On this day I climbed a tall cherry tree at the back of the barn … and as I looked toward the fields at the east, I imagined how wonderful it would be to make some device which had even the possibility of ascending to Mars, and how it would look on a small scale, if sent up from the meadow at my feet…. I was a different boy when I descended the tree from when I ascended. Existence at last seemed very purposive.
Goddard pioneered designs for rockets and actual working models, launching the first liquid-fueled rocket in 1926, a major milestone. Nevertheless, he was ridiculed in 1920 by the New York Times editorial board for the foolishness of suggesting rockets could work in space, in ignorance “of the need to have something better than a vacuum against which to react.” Long after Goddard’s death, three days before the first lunar landing, the astronauts well on their way to the Moon, the Times would offer an apology: “It is now definitely established that a rocket can function in a vacuum as well as in an atmosphere. The Times regrets the error.”
Around the same time as Tsiolkovsky and Goddard were doing their work, similar ideas were being developed by a young physicist named Hermann Oberth, who was born in the Austro-Hungarian Empire but studied for his doctorate in physics in Germany. Inspired by Frenchman Jules Verne’s radical new science fiction about voyages to the Moon, Oberth designed his own model rocket in 1909 at the age of fourteen. In the 1920s, he wrote two books exploring his ideas on interplanetary rockets, The Rocket into Planetary Space and Ways to Spaceflight. The notion had earlier been rejected when he’d submitted it as a thesis proposal for his doctorate.
In Germany, the Verein für Raumschiffahrt — the Society for Space Travel — was founded in 1927, inspired in part by the work of Oberth, who became a member. Another member was the young aristocratic engineering student Wernher von Braun, who had dreams of human voyages to Mars. He and many other amateur rocketeers eventually became swept up in Hitler’s program to build the V-2 rockets that bombarded Antwerp and London in 1944.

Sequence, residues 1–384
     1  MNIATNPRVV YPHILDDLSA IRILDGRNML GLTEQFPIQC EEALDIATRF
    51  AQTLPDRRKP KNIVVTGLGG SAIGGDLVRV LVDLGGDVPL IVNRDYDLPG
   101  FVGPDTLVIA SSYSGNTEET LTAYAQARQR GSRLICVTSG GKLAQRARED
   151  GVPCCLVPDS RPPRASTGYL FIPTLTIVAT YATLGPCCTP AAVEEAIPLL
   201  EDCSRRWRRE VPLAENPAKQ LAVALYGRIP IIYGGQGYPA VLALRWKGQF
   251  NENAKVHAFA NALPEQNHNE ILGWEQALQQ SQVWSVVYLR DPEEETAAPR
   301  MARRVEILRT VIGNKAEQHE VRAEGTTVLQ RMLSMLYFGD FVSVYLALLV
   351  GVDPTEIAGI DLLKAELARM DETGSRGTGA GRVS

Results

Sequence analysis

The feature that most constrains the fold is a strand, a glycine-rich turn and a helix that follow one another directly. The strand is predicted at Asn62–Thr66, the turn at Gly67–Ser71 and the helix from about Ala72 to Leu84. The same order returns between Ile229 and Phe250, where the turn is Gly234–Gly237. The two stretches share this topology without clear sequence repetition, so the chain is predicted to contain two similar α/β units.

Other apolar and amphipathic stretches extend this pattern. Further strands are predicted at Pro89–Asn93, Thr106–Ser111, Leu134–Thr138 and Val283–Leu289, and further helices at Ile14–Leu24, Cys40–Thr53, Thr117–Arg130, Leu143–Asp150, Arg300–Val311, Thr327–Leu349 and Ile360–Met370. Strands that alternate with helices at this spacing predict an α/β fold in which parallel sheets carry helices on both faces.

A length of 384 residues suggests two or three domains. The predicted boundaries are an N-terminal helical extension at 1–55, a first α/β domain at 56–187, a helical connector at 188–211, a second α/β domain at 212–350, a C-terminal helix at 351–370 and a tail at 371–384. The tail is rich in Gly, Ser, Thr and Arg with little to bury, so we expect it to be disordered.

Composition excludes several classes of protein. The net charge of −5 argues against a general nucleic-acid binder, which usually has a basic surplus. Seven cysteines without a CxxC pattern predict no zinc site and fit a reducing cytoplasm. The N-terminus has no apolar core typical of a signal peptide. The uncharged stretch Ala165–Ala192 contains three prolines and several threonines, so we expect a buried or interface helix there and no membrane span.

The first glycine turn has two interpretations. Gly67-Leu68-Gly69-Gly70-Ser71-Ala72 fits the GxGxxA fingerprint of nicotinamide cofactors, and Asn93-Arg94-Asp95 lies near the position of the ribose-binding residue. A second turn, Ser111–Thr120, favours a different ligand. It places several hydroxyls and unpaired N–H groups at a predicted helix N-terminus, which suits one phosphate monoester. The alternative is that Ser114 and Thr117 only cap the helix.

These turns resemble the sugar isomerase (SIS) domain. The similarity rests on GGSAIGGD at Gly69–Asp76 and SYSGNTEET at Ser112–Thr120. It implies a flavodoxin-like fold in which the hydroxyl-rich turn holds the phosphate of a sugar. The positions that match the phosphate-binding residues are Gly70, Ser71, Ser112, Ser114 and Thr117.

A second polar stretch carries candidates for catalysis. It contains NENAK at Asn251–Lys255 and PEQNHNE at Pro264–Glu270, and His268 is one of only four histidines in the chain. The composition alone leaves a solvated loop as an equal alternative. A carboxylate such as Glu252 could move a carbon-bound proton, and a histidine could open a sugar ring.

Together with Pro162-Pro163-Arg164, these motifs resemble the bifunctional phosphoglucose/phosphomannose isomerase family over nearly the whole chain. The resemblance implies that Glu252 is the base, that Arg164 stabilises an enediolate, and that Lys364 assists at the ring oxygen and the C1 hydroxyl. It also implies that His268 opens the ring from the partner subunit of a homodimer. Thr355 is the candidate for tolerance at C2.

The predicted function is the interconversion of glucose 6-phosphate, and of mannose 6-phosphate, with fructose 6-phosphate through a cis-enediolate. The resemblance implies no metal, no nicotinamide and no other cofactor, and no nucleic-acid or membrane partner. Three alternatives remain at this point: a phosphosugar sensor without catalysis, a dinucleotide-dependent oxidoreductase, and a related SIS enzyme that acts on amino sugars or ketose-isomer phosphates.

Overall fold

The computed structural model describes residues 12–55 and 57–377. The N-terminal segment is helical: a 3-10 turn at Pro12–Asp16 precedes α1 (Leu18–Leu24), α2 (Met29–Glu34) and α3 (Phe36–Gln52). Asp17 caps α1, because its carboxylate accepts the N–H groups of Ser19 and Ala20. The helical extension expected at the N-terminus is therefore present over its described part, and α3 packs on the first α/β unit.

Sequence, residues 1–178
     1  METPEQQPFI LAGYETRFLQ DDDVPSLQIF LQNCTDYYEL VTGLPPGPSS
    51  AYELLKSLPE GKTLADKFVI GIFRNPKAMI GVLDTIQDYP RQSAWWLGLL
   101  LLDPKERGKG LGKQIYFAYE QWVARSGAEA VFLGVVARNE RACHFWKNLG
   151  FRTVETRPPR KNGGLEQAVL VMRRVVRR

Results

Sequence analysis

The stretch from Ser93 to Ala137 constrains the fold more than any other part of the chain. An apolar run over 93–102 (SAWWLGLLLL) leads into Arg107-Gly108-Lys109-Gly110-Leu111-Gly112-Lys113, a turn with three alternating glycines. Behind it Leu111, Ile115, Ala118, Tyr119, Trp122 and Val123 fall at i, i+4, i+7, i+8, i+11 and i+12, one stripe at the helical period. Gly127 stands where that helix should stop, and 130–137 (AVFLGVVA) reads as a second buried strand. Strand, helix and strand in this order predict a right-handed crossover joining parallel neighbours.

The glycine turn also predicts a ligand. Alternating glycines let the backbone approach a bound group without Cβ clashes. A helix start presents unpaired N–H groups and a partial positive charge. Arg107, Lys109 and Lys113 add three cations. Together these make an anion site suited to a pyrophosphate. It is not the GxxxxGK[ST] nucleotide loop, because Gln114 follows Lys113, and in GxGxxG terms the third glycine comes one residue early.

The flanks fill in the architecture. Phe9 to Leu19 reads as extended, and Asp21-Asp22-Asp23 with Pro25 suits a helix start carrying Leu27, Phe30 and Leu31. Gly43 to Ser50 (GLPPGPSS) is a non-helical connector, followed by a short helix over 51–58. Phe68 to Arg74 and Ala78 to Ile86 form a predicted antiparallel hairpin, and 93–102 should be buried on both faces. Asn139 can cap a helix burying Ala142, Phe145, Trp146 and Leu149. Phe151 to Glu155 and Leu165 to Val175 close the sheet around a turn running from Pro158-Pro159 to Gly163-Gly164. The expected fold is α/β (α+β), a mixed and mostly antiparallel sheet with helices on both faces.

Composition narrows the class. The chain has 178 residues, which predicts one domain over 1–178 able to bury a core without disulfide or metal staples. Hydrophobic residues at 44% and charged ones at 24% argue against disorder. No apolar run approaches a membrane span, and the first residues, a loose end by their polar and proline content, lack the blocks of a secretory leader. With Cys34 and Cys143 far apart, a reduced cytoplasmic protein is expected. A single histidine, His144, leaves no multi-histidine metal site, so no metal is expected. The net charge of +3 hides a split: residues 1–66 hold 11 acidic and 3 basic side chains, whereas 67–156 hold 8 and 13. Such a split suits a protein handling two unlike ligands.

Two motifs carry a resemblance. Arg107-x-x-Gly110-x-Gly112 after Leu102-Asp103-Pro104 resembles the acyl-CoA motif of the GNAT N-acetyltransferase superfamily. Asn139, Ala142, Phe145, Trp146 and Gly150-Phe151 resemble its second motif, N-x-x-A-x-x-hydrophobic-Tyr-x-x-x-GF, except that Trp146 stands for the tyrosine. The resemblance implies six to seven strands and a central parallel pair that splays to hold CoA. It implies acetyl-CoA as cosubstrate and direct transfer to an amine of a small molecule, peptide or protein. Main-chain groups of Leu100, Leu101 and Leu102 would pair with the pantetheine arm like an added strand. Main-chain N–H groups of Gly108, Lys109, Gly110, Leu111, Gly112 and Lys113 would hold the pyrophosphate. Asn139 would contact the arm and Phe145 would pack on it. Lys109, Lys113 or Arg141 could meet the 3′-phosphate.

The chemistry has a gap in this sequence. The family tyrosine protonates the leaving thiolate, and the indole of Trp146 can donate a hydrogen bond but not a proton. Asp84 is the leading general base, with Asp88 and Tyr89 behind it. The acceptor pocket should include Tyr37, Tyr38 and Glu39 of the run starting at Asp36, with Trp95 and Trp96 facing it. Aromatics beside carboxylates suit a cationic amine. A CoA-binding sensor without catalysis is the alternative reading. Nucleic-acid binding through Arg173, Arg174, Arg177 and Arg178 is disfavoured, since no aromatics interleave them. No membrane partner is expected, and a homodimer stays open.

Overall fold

But von Braun never lost his dream. At the end of the war, he took several of his team and headed west toward Allied lines to escape the advancing Soviets and surrender to the Americans, in hopes that he would have better prospects to achieve his space dreams with them. At first, he was again put to work on ballistic missiles, but with the advent of the U.S. space program in the late 1950s, he was finally able to start applying his engineering and managerial talents, first to satellite launch, then to human spaceflight.
Another German engineer, Krafft Ehricke, was inspired by Fritz Lang’s now-classic 1929 film Woman in the Moon. Like von Braun, he escaped to the West to avoid capture by the Soviets and to pursue his space dreams, and in America he became part of von Braun’s new team, where he pioneered liquid-oxygen and -hydrogen rocket stages, and later ran his own consulting company focused on commercial applications in space. Ehricke developed an idea that he called “The Extraterrestrial Imperative,” about the need for humanity to expand into the universe. He characterized life as a “negentropic” process — that is, one that created order, at least temporarily and locally, against a universe tending toward disorder. He thus viewed the expansion of life, first within the solar system and then to other stars and galaxies, as both inevitable and beneficial. (I was one of his students for an extension course he taught on the subject in the early 1980s at California State University, Northridge, toward the end of his life.)
Similar ideas came in the late 1950s from Princeton’s Freeman Dyson — before his later work on the economics of space settlements — who wrote “A Space-Traveler’s Manifesto.” The essay was a paean to space settlement, and to nuclear propulsion, partly to promote his Orion concept of sequentially detonating small nuclear explosives behind a pusher plate to launch a rocket not only into space but across the solar system:
It is in the long run essential to the growth of any new and high civilization that small groups of men can escape from their neighbors and from their governments, to go and live as they please in the wilderness. A truly isolated, small, and creative society will never again be possible on this planet.
An even more expansive vision came from Dandridge Cole, a physicist and aerospace engineer sadly cut down in the prime of his career by a heart attack. In the early 1960s, he conceived the idea of Macrolife, a sort of higher-level life form composed of a self-contained human colony in space, constituting the next step in evolution.
In 1969, it was conventional wisdom to see Neil Armstrong’s first step as indeed a giant leap for mankind — not the end of a journey, but just the beginning of a new phase of human history in which the dreams of these space visionaries would at last come to fruition. But it would become clear in short order how wrong this impression was — that these initial dreams were not fulfilled but rather derailed by the Apollo program.
Rick Tumlinson, a longtime space activist and co-founder of the Space Frontier Foundation, argues that there are three general categories of space visionaries: the “Saganites,” the “von Braunians,” and the “O’Neillians” — after Carl, Wernher, and Gerard, respectively.